Sources tell Russian newspaper that FSB agents leaked secret data to the FBI for 10 million dollars
The newspaper Kommersant reported on October 5 that former FSB Information Security Center agent Sergey Mikhailov and his three accomplices allegedly received $10 million for giving the FBI classified data about Pavel Vrublevsky, the former head of the payment services company Chronopay.
Mikhailov is charged with copying confidential files from a felony case in 2013 against Vrublevsky onto a compact disc. Mikhailov supposedly handed over the disc to his subordinate, Dmitry Dokuchaev, who then allegedly gave the data to Ruslan Stoyanov, an expert at Kaspersky Lab. Prosecutors say Stoyanov subsequently gave the disc to Kimberly Zenz, then an analyst at the U.S. firm Verisign, who brought it to the FBI. (Zenz has denied that such an arrangement ever took place.) A businessman named Georgy Fomchenkov allegedly performed Stoyanov’s role in a later hand-off, as well.
Sources told Kommersant that the charges against Mikhailov and Stoyanov (who maintain their innocence) do not mention the $10 million because investigators were unable to verify the exact amount of money promised to the conspirators.
As early as 2010, Vrublevsky started accusing Mikhailov and Stoyanov of leaking emails and documents seized from his company by the FSB, saying the latter was “feeding privileged information about important Russian hackers” to Zenz, who was dating one of Stoyanov’s colleagues. In January 2017, commenting on the news that Mikhailov and Stoyanov had been arrested on treason charges, American cyber-crime journalist Brian Krebs wrote, “Based on how long Vrublevsky has been trying to sell this narrative, it seems he may have finally found a buyer.”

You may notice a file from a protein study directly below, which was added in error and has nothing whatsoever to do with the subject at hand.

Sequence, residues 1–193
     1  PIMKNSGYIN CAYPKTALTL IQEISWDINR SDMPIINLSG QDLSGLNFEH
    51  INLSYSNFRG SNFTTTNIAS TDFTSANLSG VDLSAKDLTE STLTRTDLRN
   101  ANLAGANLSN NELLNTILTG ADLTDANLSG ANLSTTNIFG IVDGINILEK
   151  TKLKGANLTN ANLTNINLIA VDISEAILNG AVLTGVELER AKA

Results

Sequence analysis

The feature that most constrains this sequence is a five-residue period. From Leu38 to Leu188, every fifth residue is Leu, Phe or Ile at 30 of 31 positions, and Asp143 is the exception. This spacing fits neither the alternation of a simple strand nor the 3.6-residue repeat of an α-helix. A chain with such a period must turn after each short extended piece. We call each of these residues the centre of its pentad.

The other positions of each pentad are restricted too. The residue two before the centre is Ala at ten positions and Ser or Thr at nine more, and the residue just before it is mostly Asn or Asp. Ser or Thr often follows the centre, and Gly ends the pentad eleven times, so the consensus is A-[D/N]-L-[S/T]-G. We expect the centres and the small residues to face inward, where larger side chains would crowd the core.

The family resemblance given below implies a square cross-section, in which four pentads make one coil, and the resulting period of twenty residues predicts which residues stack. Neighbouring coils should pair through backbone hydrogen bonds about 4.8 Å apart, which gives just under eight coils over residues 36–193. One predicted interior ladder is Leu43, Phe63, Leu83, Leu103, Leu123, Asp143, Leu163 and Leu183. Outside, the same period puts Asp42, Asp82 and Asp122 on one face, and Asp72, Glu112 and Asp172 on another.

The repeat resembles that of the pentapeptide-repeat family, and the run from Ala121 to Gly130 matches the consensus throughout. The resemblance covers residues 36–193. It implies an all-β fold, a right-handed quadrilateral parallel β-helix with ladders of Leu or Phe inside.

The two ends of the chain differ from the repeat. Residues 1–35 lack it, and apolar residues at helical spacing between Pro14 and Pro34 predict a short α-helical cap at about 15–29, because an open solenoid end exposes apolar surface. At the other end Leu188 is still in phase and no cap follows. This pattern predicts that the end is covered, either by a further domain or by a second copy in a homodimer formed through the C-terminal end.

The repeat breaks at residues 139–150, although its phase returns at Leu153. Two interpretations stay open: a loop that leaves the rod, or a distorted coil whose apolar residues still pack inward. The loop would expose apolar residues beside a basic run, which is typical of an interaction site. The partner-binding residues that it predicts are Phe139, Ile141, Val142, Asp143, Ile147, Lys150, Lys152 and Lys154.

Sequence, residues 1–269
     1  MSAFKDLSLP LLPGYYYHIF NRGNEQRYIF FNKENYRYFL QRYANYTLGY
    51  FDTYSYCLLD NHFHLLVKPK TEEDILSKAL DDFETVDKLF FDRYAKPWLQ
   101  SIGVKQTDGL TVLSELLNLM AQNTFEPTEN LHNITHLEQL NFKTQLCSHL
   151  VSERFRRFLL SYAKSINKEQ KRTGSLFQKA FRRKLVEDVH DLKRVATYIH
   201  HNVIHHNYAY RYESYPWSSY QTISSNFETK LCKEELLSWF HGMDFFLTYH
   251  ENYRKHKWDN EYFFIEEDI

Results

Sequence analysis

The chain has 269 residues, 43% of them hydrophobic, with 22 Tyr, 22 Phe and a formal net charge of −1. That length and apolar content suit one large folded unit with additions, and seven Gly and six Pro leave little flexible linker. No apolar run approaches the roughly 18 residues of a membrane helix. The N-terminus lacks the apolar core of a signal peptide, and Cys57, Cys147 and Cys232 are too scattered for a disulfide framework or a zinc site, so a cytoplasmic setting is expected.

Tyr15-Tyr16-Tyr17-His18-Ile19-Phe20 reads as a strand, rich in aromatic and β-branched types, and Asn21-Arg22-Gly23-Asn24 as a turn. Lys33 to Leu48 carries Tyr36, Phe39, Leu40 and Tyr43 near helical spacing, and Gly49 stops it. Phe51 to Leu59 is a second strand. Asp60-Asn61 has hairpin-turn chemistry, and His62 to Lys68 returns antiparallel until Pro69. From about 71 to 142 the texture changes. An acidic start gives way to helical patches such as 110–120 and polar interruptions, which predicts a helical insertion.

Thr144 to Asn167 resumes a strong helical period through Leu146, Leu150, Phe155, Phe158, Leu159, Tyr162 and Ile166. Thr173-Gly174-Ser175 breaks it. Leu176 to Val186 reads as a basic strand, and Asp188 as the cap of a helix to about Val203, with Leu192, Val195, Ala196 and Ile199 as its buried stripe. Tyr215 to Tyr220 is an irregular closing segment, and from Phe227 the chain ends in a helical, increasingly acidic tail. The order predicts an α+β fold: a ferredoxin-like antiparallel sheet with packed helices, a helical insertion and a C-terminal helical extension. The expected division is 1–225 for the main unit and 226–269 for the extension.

In a tweet responding to Kommersant's report, Krebs wrote on October 5, “ I call BS on this story, and am willing to bet that [Vrublevsky] paid for its placement. These Russian cyber-crime fighters that Vrublevsky hates so much are on trial for their lives (literally) because they did the right thing in a country where no one does.”
All four suspects in the case have been locked up at Moscow’s Lefortovo Prison since December 2016. In April 2018, journalists reported that Dokuchaev and Fomchenkov signed plea bargains. Kommersant’s sources say both men will testify against Mikhailov and Stoyanov in closed hearings at the Moscow District Military Court. Dokuchaev, incidentally, was indicted by the U.S. Justice Department in early 2017 for his alleged role in the 2014 heist of 500 million Yahoo user accounts.
Dokuchaev and Fomchenkov reportedly claim to have shared information with foreign intelligence agencies only “informally,” denying that there was anything criminal about the exchange. Sources told the magazine RBC that they were only trying to help punish cyber-criminals operating outside Russia and therefore outside their jurisdiction. Lawyers for the two suspects refused to comment on the story.